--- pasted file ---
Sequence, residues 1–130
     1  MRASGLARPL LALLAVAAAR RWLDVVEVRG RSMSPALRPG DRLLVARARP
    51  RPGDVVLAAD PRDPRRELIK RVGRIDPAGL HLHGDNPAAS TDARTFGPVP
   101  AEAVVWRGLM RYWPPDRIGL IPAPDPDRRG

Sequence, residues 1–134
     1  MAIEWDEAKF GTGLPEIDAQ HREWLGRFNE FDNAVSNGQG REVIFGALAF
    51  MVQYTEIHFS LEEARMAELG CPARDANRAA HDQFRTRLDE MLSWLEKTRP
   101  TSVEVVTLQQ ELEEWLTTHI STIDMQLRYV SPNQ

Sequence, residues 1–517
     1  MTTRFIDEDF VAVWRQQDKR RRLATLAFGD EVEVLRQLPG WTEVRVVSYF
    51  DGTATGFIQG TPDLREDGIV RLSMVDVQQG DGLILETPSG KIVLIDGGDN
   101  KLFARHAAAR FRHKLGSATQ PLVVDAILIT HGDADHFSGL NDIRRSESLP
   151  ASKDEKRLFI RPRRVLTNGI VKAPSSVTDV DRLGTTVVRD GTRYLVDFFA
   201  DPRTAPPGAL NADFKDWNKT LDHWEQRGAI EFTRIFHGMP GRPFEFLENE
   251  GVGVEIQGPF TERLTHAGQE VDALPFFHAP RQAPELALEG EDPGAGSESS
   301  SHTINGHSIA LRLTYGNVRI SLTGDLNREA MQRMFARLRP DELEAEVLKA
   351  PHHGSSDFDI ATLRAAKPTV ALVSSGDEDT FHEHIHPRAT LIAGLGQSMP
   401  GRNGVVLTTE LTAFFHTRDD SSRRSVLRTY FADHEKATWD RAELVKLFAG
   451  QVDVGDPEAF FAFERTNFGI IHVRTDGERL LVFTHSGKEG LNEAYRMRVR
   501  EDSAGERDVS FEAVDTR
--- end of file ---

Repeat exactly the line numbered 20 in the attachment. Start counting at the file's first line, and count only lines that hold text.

   501  EDSAGERDVS FEAVDTR